English ports go to war over lucrative cruise trade


As national Cruise Week begins, the normally sedate seaborne sector of the travel industry is getting rough. Civic leaders in Southampton, for decades the hub for cruises from Britain, are furious at a bid by Liverpool to cash in on the fast-growing and lucrative business of hosting mega-ships.

This week a petition with more than 10,000 signatures was taken to Downing Street, demanding that a ban on the Merseyside city as a “turnaround port” remain in place.

At the heart of the conflict is the £20m City of Liverpool Cruise Terminal, completed in 2007 and funded through a combination of UK government and EU grants. The project was intended to provide an economic boost for everyone from taxi drivers to retailers.

It was hoped that a more enticing location for day visits than the existing terminal at Langton Dock would persuade more cruise ships to call. Liverpool City Council now wants the new terminal to be a place where cruises start and end, which is a more lucrative business.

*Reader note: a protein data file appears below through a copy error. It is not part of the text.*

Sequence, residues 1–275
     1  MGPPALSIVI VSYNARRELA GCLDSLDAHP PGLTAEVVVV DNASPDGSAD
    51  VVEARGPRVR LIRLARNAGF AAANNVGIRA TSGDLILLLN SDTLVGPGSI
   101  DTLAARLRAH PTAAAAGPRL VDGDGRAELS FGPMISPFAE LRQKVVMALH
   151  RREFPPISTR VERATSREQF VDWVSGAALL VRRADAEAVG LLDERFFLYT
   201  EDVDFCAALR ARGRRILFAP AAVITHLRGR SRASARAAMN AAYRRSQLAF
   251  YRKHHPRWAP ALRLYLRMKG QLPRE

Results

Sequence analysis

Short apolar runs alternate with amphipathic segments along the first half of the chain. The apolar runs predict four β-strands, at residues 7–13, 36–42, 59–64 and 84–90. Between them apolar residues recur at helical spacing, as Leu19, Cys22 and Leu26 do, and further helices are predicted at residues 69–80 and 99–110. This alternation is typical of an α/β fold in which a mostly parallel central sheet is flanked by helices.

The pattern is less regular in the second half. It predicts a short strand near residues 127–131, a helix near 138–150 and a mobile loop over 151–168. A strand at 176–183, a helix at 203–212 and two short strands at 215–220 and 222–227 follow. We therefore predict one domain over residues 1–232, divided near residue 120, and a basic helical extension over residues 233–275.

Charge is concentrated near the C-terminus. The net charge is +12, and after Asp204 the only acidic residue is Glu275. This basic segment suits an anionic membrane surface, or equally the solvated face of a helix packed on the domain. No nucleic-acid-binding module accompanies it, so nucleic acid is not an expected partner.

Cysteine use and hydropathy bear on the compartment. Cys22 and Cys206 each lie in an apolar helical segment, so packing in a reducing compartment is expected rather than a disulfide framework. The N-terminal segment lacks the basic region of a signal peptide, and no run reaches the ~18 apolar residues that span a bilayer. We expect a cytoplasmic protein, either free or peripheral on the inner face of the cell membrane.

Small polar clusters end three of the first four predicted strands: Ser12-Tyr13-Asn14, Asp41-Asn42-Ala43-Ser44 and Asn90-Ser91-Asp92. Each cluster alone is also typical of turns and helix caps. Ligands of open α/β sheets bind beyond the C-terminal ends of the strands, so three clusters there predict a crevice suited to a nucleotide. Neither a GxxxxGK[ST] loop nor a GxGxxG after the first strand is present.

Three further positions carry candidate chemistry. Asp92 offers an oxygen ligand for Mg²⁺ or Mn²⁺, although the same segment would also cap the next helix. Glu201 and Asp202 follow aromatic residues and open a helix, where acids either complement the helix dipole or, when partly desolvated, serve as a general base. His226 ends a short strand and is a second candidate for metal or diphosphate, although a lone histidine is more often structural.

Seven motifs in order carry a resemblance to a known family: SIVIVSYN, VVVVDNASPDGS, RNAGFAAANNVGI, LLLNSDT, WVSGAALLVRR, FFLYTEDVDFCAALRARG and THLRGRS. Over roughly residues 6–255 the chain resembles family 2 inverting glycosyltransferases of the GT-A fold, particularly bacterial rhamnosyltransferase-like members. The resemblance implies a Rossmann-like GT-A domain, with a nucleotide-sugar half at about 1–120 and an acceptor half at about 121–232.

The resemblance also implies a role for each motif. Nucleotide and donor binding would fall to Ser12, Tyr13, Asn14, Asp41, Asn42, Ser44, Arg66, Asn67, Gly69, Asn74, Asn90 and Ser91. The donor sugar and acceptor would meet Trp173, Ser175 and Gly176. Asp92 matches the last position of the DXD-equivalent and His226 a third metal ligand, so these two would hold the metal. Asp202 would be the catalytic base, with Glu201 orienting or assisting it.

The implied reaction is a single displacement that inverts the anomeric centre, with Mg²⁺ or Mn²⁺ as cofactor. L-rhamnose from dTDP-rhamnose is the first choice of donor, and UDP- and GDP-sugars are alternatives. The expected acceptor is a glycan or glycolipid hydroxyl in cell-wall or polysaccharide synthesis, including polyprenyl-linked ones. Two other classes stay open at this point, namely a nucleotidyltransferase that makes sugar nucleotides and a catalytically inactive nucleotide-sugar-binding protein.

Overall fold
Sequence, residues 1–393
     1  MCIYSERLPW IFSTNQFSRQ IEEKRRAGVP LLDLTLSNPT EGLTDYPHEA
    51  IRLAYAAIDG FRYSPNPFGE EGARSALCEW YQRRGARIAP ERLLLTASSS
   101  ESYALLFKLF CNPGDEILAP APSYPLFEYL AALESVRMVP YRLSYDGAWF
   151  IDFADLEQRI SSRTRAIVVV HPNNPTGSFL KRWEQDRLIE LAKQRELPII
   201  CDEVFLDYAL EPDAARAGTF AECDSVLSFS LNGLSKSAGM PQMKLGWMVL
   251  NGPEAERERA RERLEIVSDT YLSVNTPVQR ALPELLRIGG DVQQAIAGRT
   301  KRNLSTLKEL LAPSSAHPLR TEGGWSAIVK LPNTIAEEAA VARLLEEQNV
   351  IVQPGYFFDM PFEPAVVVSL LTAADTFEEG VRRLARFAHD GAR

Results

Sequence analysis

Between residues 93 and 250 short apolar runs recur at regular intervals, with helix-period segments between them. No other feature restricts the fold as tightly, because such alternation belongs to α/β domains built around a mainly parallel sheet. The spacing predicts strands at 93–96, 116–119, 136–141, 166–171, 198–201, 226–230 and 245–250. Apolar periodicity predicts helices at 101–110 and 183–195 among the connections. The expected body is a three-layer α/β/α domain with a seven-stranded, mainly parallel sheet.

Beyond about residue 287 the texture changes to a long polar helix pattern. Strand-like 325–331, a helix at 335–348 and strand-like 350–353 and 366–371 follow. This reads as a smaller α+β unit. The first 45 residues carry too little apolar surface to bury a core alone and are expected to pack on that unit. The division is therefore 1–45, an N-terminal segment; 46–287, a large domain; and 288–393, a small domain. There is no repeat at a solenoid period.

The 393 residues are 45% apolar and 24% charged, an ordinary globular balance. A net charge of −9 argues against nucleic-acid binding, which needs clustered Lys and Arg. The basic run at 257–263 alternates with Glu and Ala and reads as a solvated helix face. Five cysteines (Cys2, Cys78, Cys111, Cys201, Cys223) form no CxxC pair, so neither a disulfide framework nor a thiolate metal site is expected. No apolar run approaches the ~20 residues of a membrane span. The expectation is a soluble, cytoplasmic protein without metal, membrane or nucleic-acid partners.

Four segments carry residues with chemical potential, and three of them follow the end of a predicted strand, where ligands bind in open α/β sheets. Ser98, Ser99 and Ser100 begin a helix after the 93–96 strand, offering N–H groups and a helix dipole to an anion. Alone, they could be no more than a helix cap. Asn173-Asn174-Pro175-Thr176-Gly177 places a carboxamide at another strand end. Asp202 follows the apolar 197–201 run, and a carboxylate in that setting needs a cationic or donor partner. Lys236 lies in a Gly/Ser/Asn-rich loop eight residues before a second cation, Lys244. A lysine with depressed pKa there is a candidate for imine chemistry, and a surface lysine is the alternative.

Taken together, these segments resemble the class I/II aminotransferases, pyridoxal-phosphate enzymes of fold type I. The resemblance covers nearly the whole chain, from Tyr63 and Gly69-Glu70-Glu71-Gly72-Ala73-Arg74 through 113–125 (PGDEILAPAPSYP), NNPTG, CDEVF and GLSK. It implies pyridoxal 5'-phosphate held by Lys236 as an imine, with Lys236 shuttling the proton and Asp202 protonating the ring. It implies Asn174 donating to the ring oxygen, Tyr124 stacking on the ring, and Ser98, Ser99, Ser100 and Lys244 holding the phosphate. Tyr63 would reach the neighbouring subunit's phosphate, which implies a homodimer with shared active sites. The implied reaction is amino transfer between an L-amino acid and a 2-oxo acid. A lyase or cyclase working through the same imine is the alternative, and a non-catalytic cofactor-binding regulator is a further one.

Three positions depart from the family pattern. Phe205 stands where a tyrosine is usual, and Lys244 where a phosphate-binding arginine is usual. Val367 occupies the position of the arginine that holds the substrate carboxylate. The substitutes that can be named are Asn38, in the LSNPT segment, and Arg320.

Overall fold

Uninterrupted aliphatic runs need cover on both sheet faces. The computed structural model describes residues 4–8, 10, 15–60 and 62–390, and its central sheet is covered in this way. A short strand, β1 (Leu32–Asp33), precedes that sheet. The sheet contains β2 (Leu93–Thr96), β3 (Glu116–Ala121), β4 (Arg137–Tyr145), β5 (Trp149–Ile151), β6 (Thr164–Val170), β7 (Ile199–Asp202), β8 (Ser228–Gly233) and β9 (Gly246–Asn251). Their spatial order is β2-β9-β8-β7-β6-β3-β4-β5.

The council believes it is absurd that cruise ships have to turn around at Langton Docks, amid semi-derelict surroundings. It has offered to repay £5.3m over 15 years to get the ruling overturned.

The transport minister Mike Penning said: “The repayment proposal by Liverpool City Council can be justified taking into account the prospective regeneration and other benefits to the Merseyside area.”

But James Chestnutt, chief executive of Hampshire Chamber of Commerce, said: “A turnaround port is a totally different trade. We’re not against competition or consumer choice, but this amounts to misuse of public funds.”

The row has escalated with the editor of Liverpool’s Daily Post, Mark Thomas, campaigning for what he calls “a major future economic growth opportunity for Liverpool”, while former Southampton footballer Matt Le Tissier has laid into the backers of the change-of-use bid, saying: “Any decent ref would send them off.”